#SaudiCables: Iran allegedly 'shipped nuclear equipment' to Sudan

#SaudiCables: Iran allegedly 'shipped nuclear equipment' to Sudan
According to a Saudi diplomatic cable recently released by WikiLeaks, the Iranians sent "centrifuges for enriching uranium" to Sudan in 2012.
2 min read
28 June, 2015
WikiLeaks has released over than 60,000 Saudi diplomatic cables [WikiLeaks]

One of the leaked top-secret Saudi diplomatic memos appears to show Saudi diplomats in Khartoum believed that Iran shipped advanced nuclear equipment including centrifuges to Sudan in 2012.

The unauthenticated document said, “The embassy's sources have said Iranian containers have arrived this week at Khartoum airport that contain delicate technical equipment in the form of fast centrifuges for enriching uranium, a second shipment is expected to arrive during the week.”

      The cable about the nuclear shipment [WikiLeaks]

Sudan is not known to have a nuclear programme, nor is Iran suspected to have shipped any nuclear equipment to Sudan in the past.

The cable, which provides information about the shipment, does not provide details on the source of the embassy's information or any further evidence of the shipment.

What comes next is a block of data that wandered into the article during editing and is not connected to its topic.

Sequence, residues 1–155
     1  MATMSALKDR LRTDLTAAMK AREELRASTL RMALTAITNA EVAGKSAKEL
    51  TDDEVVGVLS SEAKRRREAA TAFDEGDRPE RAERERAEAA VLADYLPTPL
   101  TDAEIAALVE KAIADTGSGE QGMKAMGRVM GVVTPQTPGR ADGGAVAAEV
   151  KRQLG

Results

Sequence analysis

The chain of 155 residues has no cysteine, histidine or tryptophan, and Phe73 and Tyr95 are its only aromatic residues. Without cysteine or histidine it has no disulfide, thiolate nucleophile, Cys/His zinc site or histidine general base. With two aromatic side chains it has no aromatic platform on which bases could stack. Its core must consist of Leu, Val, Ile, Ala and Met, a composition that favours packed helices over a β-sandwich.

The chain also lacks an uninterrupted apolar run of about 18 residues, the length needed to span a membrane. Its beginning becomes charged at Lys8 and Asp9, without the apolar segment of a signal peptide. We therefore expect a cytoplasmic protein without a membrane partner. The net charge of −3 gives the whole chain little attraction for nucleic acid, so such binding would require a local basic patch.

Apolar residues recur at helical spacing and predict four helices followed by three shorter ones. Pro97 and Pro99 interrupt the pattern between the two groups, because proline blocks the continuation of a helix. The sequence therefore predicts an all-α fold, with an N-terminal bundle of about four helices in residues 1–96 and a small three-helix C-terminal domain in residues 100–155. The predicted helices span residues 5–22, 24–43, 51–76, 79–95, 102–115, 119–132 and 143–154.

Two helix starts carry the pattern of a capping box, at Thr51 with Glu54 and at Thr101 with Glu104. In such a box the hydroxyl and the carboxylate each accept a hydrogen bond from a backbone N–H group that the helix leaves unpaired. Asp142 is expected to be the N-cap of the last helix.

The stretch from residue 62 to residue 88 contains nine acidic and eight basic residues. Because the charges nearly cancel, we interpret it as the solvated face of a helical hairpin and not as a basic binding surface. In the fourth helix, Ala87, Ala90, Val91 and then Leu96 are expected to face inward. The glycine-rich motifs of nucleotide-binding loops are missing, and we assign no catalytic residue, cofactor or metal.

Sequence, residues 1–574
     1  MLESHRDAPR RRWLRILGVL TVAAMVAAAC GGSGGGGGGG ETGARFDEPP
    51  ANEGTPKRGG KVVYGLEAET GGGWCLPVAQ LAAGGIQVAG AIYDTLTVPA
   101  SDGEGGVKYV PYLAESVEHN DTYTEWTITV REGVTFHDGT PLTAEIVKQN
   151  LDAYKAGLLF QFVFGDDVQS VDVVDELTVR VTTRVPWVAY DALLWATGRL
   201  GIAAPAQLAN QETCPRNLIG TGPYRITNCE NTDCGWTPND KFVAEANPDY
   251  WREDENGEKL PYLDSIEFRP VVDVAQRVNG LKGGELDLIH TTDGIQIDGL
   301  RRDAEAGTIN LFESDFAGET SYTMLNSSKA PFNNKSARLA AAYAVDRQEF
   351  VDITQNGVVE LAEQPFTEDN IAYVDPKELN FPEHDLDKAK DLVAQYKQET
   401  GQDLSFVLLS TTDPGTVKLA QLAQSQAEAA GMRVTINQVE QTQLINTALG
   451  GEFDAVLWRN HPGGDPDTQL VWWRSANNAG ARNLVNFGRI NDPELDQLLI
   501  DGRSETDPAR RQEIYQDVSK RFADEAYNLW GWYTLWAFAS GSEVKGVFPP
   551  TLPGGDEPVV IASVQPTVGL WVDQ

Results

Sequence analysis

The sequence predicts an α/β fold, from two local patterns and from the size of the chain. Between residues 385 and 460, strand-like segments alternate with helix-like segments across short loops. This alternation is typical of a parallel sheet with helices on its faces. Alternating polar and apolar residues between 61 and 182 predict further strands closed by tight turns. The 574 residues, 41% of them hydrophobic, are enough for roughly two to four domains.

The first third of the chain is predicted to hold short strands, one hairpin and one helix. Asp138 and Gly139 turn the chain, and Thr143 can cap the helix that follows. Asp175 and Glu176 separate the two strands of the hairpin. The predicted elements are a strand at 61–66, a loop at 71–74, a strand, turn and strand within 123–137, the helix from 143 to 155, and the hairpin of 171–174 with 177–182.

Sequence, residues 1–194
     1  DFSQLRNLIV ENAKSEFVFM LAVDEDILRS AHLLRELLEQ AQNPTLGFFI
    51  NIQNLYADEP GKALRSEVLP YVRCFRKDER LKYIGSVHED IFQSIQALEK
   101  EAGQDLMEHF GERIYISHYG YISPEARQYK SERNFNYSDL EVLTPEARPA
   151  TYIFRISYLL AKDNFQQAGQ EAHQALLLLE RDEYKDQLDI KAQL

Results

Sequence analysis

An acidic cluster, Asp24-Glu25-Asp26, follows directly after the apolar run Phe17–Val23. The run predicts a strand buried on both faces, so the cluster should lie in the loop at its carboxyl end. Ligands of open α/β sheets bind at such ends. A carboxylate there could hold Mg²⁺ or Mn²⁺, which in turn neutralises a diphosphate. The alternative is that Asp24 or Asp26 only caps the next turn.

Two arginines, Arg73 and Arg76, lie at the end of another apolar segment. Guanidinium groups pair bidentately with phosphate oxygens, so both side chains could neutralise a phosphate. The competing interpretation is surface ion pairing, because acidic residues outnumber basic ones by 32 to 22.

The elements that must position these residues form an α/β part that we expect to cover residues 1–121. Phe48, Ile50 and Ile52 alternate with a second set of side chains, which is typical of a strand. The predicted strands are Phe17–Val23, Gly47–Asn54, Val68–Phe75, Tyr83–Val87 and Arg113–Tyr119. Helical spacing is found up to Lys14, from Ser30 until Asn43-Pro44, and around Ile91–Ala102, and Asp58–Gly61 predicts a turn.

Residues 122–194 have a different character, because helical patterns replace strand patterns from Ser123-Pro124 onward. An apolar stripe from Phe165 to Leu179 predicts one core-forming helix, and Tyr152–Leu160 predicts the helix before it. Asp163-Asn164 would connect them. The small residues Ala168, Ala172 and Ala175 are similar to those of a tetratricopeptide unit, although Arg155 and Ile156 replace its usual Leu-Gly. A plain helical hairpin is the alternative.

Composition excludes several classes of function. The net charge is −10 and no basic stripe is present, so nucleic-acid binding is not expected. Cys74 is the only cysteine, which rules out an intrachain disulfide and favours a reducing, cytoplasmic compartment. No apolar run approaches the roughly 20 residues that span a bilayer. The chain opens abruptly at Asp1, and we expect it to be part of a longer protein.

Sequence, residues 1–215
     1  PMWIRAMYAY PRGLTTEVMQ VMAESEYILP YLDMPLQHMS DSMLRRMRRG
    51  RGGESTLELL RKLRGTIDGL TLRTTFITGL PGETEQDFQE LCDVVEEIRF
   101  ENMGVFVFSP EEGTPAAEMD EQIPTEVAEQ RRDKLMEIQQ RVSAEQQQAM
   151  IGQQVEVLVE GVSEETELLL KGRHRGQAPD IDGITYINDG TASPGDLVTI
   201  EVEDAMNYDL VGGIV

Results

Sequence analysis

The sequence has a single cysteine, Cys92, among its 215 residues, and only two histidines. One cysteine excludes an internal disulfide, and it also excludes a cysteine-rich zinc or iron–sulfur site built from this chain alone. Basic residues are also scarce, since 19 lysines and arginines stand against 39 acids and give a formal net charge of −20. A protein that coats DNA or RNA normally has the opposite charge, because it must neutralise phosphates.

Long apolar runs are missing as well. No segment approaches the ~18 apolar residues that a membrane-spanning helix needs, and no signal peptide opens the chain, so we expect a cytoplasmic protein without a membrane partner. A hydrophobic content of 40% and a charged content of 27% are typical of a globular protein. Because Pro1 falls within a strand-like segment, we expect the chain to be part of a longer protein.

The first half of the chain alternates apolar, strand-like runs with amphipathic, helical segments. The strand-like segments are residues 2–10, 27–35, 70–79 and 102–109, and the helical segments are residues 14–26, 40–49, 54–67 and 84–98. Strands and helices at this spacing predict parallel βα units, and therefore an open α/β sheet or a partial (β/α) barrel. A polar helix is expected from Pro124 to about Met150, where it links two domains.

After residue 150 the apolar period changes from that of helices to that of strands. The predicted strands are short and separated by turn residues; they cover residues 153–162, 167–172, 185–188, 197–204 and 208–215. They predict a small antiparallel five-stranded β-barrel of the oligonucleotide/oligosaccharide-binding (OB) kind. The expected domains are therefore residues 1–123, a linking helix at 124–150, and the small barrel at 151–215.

In October 2012, a Sudanese munitions factory was destroyed in a mysterious explosion, which the Sudanese government blamed on an Israeli air raid but no nuclear dimension was believed involved in the blast.

Iran and the P5+1 powers - Britain, China, France, Germany, Russia and the United States - agreed in April on the main outlines of what would be a historic agreement scaling down Tehran's nuclear programme.

Another cable leaked this week said that then Saudi Foreign Minister Saud al-Faisal wrote to the Saudi king about an Egyptian-Sudanese plot to assassinate South Sudanese President Salva Kiir Mayardit in 2011.

WikiLeaks released more than 60,000 Saudi diplomatic cables, on Friday. The non-profit journalistic organization has said it plans to publish about half a million documents and the released cables are “just one tenth of what we have”.

Saudi Arabia seems to have acknowledged the authenticity of the documents in general but warns that some “fake” documents may be included among the authentic cables.